His name is Lance but everyone calls him Lanny. In my mind he is Lancelot the shining knight because when I am nine years old he climbs the old cherry tree in the back yard of my house and delivers into my arms my cat Winky who had been crying for an hour on one of the top most branches.
“Leave that cat alone. He’ll come down when he’s ready,” my mother had answered when I asked her to call the fire department. She is working behind the counter of our family store – a corner luncheonette/dairy – and I am weeping in concert with the cat in the tree just outside the back door.
Lanny, who lives in the next street over, comes in the store and after learning of my dilemma offers to rescue Winky which he does with an alacrity I admire. He delivers the squirming cat, buys a cherry Popsicle and saunters back home. In that moment I am smitten and remain so for several years for Lanny is my first crush.
Lanny was a well-like boy but not a notable student or even exceptional athlete. One year older than me, he was everything that I admired – extroverted, cheerful, confident and so much a rascal he should have been Irish. I remember seeing him one late summer afternoon wearing his white Little League uniform talking with his friend Tom. My heart began to race, my cheeks burned bright red and I felt dizzy. How I yearned for him.
His fatal charm for me was his flirtatious manner which he got from his father who always wore a twinkle in his eye and was a favorite with the neighborhood ladies to the consternation of his dour and unsmiling wife. Lanny would flirt with me as he did all the girls and I would try to keep up a casual repartee but his sophistication was far beyond my own. He was my Tom Sawyer but I was not his Becky.
When I was in the 9th grade my ardor could no longer be restrained and when the Sadie Hawkins Dance came around, which is a girl-asks-boy affair, I was determined to invite humiliation and ask him. I did not really believe that he would accept; after all, I was an introverted intellectual who wore blue winged glasses and plaid pleated skirts and he was perfect.
Nevertheless, one night about a week before the dance, I screwed up my courage and dialed his phone number. As luck would have it, his mother answered and when I asked for him, she wanted to know who was calling. I stammered my reply and then heard my name shouted down the hallway of his house.
A moment later when he said hello, I mumbled out my invitation. He was kind and I could hear a smile in his voice as he told me he had already said yes to another girl. A combination of disappointment and relief spread through me as I hung up.
I was proud of myself for overcoming the fear of rejection long enough to be rejected. I had thrown my hat into the dating ring and even though it had sunk and it would be another two years before my first real date, and that with another neighborhood boy, I had openly declared my eligibility to court.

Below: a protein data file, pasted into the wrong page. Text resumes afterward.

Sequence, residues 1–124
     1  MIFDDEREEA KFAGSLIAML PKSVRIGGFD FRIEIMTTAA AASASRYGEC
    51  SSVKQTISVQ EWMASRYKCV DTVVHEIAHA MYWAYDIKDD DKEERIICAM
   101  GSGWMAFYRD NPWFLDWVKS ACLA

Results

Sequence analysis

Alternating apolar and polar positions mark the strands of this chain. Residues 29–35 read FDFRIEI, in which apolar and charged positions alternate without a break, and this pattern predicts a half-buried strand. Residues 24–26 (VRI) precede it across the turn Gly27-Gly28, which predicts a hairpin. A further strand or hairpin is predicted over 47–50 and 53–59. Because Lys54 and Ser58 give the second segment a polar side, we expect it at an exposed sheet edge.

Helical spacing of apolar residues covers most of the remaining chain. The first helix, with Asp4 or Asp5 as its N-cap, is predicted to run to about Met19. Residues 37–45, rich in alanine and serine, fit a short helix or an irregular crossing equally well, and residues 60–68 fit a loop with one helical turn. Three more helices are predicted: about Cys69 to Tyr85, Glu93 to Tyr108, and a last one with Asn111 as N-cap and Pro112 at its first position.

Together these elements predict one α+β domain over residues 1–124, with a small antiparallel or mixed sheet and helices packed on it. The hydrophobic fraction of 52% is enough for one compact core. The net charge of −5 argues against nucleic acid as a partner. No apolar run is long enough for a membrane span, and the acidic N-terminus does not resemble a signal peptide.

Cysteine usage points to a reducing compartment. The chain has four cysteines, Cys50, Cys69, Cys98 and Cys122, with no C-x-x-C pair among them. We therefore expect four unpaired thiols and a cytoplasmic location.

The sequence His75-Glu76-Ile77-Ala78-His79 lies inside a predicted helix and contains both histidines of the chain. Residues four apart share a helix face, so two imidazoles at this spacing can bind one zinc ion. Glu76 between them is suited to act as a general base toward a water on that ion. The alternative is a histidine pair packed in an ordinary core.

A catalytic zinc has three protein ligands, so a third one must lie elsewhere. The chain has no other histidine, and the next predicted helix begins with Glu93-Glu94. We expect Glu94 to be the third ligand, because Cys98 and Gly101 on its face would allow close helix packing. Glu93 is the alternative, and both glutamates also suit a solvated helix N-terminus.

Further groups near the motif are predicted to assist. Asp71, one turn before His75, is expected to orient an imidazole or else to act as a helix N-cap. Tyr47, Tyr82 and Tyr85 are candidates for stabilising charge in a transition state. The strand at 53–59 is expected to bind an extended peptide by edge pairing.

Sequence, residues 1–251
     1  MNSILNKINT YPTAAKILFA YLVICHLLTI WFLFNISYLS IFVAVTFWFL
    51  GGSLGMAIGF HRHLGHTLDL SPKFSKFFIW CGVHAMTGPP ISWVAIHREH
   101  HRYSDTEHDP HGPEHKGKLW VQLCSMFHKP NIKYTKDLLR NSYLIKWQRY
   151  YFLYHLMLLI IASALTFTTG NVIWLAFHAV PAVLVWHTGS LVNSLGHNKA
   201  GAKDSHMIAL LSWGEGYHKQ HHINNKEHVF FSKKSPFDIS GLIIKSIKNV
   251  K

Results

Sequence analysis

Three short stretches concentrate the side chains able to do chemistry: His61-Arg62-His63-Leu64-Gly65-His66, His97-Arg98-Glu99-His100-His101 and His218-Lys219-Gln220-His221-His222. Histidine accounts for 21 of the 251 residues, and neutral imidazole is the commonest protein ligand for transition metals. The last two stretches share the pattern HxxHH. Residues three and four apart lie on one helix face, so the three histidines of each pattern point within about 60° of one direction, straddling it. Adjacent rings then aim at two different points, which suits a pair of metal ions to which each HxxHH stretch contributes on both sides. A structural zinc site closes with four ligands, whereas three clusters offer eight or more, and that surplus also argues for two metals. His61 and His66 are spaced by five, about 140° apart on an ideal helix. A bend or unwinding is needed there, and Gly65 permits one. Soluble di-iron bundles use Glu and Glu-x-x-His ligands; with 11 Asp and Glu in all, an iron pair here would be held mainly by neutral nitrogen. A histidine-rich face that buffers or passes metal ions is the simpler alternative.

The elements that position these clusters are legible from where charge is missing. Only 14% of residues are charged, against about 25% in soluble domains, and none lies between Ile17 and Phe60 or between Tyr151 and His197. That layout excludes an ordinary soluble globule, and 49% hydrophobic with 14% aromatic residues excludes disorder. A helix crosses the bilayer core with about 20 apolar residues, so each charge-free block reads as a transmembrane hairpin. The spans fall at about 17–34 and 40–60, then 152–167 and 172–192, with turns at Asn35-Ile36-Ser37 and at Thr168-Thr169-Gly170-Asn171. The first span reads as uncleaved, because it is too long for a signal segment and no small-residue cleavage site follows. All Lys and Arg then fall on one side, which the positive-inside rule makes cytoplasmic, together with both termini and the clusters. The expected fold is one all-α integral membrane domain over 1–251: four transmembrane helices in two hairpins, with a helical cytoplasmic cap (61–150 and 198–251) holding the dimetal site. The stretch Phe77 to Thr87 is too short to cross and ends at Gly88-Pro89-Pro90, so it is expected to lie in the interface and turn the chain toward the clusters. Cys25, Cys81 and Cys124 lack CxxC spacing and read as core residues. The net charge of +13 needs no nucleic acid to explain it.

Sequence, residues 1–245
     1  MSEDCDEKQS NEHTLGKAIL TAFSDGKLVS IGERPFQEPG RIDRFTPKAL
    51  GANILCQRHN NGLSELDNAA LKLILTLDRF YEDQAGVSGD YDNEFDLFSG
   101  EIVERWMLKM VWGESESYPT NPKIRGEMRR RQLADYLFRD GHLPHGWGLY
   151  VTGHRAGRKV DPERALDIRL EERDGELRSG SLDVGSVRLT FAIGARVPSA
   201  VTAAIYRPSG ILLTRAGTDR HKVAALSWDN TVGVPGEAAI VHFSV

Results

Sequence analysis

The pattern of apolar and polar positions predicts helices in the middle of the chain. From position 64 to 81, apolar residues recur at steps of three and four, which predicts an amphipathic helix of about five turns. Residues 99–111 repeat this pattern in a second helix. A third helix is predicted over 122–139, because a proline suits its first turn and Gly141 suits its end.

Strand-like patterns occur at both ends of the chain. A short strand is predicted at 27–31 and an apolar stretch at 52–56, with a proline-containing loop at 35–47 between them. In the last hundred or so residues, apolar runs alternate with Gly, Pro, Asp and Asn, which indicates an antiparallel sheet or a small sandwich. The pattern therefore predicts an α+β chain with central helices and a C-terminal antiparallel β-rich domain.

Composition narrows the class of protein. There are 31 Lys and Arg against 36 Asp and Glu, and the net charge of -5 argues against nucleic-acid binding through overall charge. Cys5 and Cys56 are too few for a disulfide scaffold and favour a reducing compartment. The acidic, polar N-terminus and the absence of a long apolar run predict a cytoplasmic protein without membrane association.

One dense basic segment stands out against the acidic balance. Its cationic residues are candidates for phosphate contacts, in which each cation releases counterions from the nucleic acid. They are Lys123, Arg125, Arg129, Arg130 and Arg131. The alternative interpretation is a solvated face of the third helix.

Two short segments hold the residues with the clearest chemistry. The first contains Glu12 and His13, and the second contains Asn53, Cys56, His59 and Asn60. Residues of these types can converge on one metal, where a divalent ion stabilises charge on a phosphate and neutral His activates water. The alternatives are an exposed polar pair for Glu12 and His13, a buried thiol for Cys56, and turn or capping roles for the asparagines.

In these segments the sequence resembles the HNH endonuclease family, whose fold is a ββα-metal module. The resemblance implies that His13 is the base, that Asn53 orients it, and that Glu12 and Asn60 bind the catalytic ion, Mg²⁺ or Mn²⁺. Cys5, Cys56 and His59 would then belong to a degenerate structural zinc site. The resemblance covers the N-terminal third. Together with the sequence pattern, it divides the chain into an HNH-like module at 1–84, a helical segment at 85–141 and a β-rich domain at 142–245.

From that day forward things were never the same. I knew that Lanny knew that I had a crush on him and so did his friends. When he came in the store and played “Sea of Love” on the juke box his brown eyes had the extra twinkle of conquest but he was never unkind in his teasing of me and over time helped me to learn how to talk and flirt with boys.
He graduated a year before me and got a job at one of the local factories. After high school I started college immediately and rarely saw him. He married young to a dark haired beauty from a neighboring town and it was only several years later when we were both in our mid-twenties that I ran into him again at a local store.
“Do you still have a crush on me,” he asked, his flirtatious manner still provocative and disarming. “I’ve grown out of that,” I replied with my college-educated sophistication – but I really had not. He would always be the hero who rescued my cat and whose presence first awoke my princess heart.
It was many years later in a long-distance weekend conversation with my family back home that I was dismayed to learn that Lanny had died of a heart attack at age 49 – too young.
These first loves we have are never forgotten. They become the blueprint, for better or worse, of the lovers who succeed them. As we marry and raise our families they quietly rest at the bottom of our memories; they later visit our middle-aged dreams. Finally, these first loves come to life again in our old age when we remember the days of our youth, when life was still an adventure pregnant with possibilities.